It seems like it was light years ago that during a visit to the local general practitioner (GP), we saw them take out a pen and paper to jot down notes about how you were feeling, their diagnosis, and then a prescription before they sent you on your way.
These days, the handwritten notes are typed into a computer.
But the transition for most GPs between the two did not occur overnight, nor did it happen willingly, according to Dr Marcus Tan, CEO and medical director of HealthEngine.
"Doctors, by definition, are fairly conservative," he said.
It wasn't until the '90s, when the federal government offered GPs incentive grants to establish electronic records, that paper records gave way to computerised systems. Tan said that while many GPs took up the offer, the issue was that for several years, it was used in a very ad hoc fashion, with some only turning to their computers to print out scripts while continuing to make handwritten notes.
"General practitioners are a very heterogeneous group of people. There are different levels of sophistication in technology from a practitioner sense and a practice sense. Some practices are early adopters, while there are others that are not so much. Even within clinics, some doctors were very keen and others not so much," he said.
"But given over a period of time, 85 to 95 percent of general practitioners are now computerised in one way, shape, or form, most of them have a practice management software they use all the time, and very few are using handwritten records."
But while GPs received assistance from the government, other medical practitioners, such as medical specialists and hospitals, were left in the cold. This has since left the health system in greater shambles, he said, as communications between GPs and other medical practitioners are often inconsistent.
Tan said, for instance, that fax machines are still regularly found in GPs' offices because specialists still rely on faxes and even snail mail. At the same time, when discharges are returned from hospitals, GPs are often faced with the frustration of not being able to upload it to their records -- if any discharge is received at all.
"From a GP's perspective, yes, we've been computerised, but nobody else is. The adoption of technology outside of GPs is pretty poor. It's great we've got this secure messaging system that connects us to other providers, but a majority of these other providers are not online. Therefore, we end up having all these legacy systems in place," he said.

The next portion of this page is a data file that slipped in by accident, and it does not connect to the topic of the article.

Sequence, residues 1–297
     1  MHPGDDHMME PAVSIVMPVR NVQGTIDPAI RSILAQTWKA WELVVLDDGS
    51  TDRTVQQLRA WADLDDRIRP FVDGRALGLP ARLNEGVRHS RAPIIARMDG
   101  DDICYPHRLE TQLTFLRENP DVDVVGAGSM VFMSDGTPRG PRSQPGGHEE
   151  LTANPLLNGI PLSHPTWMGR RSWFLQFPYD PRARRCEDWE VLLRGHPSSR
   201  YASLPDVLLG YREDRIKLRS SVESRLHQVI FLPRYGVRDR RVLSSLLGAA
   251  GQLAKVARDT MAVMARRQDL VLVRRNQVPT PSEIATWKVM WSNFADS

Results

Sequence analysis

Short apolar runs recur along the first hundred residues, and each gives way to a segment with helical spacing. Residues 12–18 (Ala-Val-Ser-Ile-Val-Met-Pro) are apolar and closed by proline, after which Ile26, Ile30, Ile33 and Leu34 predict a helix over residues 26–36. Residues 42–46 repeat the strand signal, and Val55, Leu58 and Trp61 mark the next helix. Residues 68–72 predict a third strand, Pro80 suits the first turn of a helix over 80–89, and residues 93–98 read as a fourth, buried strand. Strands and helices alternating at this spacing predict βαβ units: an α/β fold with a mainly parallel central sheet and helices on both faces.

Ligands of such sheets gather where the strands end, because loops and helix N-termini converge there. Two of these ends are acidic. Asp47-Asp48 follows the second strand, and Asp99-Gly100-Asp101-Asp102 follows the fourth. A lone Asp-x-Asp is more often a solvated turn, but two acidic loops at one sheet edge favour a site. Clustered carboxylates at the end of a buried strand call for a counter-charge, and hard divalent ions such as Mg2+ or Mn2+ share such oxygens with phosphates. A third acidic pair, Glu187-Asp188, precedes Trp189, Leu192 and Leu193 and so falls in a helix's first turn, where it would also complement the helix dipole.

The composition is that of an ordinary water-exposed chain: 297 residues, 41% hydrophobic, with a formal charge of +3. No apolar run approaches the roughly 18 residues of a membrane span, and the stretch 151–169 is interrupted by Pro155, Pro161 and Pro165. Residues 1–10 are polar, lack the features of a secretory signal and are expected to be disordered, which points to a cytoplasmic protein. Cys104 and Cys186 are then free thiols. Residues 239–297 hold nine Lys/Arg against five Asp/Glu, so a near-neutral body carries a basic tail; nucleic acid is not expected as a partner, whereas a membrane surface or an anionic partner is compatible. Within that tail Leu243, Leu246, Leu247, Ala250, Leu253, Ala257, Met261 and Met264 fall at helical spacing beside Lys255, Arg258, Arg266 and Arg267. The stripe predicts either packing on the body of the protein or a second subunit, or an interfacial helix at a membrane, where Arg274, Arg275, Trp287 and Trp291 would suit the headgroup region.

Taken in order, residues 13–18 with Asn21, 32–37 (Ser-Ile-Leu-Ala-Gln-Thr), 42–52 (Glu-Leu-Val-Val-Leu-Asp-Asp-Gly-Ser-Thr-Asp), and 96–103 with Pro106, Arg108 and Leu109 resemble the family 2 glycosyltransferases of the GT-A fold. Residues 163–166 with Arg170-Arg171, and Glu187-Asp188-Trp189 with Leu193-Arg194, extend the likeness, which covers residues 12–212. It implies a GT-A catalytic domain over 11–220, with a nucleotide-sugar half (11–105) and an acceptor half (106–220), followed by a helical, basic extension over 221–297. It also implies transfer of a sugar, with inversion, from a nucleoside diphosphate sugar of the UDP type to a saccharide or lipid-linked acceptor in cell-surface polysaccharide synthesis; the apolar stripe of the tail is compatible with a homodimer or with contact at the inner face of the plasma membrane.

Increasingly, though, as the grey-haired doctors retire and younger "technophile" doctors take over, the hunger to use up-to-date systems is growing.
In fact, Frost and Sullivan Asia-Pacific recently said the healthcare IT market is the fastest-growing market across the world. Within APAC, after Japan, Australia is the second-largest market of health technology adoption.
Natasha Gulati, Frost and Sullivan Asia-Pacific connected health industry manager, said that large public hospitals are the highest and most frequent spenders on healthcare IT solutions, but many smaller hospitals in Australia's rural and remote areas hardly spend anything on health IT.
In turn, Gulati noted that while health IT penetration in the country is expected to continue to rise, it will mainly be in the form of facility upgrades and high-tech adoption across existing hospitals.
"Dependable and reliable health data sharing is still a distant dream for Australia, although concerted efforts in this direction have begun," she said.
Under the former Labor federal government, AU$1 billion was spent in the e-health program creating the Personally Controlled E-Health Record (PCEHR) project aimed at improving patient care by making it easier for healthcare providers to access and share information about a patient throughout the medical system.
The current Coalition government has allocated an additional AU$140 million to keep the project going until it implements the recommendations of a review into the project.
However, since the launch of the project, the number of doctors who have created documents in the system has been underwhelming. As of November 2013, the government reported that while 900,000 healthcare professionals had signed up to use the system, only around 5,000 documents had been uploaded.
"We've actually got to win the hearts and minds of people and say: 'This is a better way forward.' That's not going to happen until people see the benefit for them in that," he said.
"You're not talking amazingly complex technology; you're talking an issue which is actually more to do with will.
"We've got the platforms there. People aren't willing to use them."
Tan similarly noted that quite often, doctors would not feel obliged to take up a new system if they do not feel comfortable, or if they feel they will not benefit from it, which is a reason why the uptake of PCEHR by the industry has been so insignificant.